Ian Sells 11:14
Yeah, I bought my house before I graduated. So 2004 bought my first house right there, like a block no blocks from campus, you know?
Yoni Mazor 11:21
So these two years were super, hyper-aggressive for you, right? You take it easy graduate and go to that track. By the time you got there. You’re ready. You’re ready, like, you know, the 10 to 15 years into the industry into the mix in terms of speed. So that’s kind of lightning speed. That’s impressive. Okay. 2004 You graduated, you have a house, you’re making, for lack of a better word making bank. What was the next move? Yeah. So
Ian Sells 11:40
I ended up partnering up with a couple of guys from my fraternity. One guy from my fraternity and one guy that worked with me, at the mortgage company, and within three years, we bought 100 houses in the neighborhood. We rented them out to college kids, we sold some of them, and we flipped them. We were driving prices high. We were built building College, mini college houses, you know, and renting them out, we put plasma TVs and hot tubs and all the houses. It was the early days, right? This would be for granite countertops, or even a thing and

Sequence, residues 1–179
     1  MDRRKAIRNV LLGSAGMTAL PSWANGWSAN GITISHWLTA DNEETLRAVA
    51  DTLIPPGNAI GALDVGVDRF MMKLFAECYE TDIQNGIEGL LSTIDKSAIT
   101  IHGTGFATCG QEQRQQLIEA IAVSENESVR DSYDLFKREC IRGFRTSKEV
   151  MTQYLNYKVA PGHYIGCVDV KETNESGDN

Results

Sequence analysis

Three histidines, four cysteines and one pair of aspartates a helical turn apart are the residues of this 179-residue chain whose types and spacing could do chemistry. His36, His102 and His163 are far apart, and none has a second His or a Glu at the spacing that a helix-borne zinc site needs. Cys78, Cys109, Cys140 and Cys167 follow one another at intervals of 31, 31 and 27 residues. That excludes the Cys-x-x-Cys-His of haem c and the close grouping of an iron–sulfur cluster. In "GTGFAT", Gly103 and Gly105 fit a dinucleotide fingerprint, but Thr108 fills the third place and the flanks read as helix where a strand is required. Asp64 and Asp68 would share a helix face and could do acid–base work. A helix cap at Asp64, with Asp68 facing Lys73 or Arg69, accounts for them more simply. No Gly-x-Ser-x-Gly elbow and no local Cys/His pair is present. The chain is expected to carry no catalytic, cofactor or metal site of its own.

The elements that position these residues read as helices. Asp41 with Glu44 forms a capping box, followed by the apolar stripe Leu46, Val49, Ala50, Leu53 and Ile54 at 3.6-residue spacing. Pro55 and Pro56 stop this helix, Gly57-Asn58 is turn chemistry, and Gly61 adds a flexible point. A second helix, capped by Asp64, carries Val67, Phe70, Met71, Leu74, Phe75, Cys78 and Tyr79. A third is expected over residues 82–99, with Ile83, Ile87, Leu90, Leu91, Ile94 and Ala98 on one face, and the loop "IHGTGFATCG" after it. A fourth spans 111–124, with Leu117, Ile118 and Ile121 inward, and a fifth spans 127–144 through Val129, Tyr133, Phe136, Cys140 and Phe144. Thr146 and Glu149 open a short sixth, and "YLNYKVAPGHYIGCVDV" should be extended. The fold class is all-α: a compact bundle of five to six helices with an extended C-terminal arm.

Yoni Mazor 12:11
Like we work live environment for college students back into you know, yeah.
Ian Sells 12:17
So, you know, then my buddy had an idea to get a limo. So we had our limo drivers. We had our construction workers have drivers are night so we picked up college girls from the houses and take them to the bars. And you know, we had a great time. And then, you know, things started to change. The markets are changing as a, you know, things were changing the market. We had a run-in with the city attorney, he was trying to like people are opposing what we were doing because we’re redeveloping neighborhoods,
Yoni Mazor 12:44
Gentrified it. Yeah.
Ian Sells 12:46
Well, you know, in real estate, it’s called highest and best use, the highest and best use of the house that’s walking into the campus is not for a senior citizen to retire in. It’s for college housing. And that’s really what we were doing and the prices were going up. But people still hated what we were doing cuz they don’t want to live next to college kids because like, you live next to the college. And the college has grown right.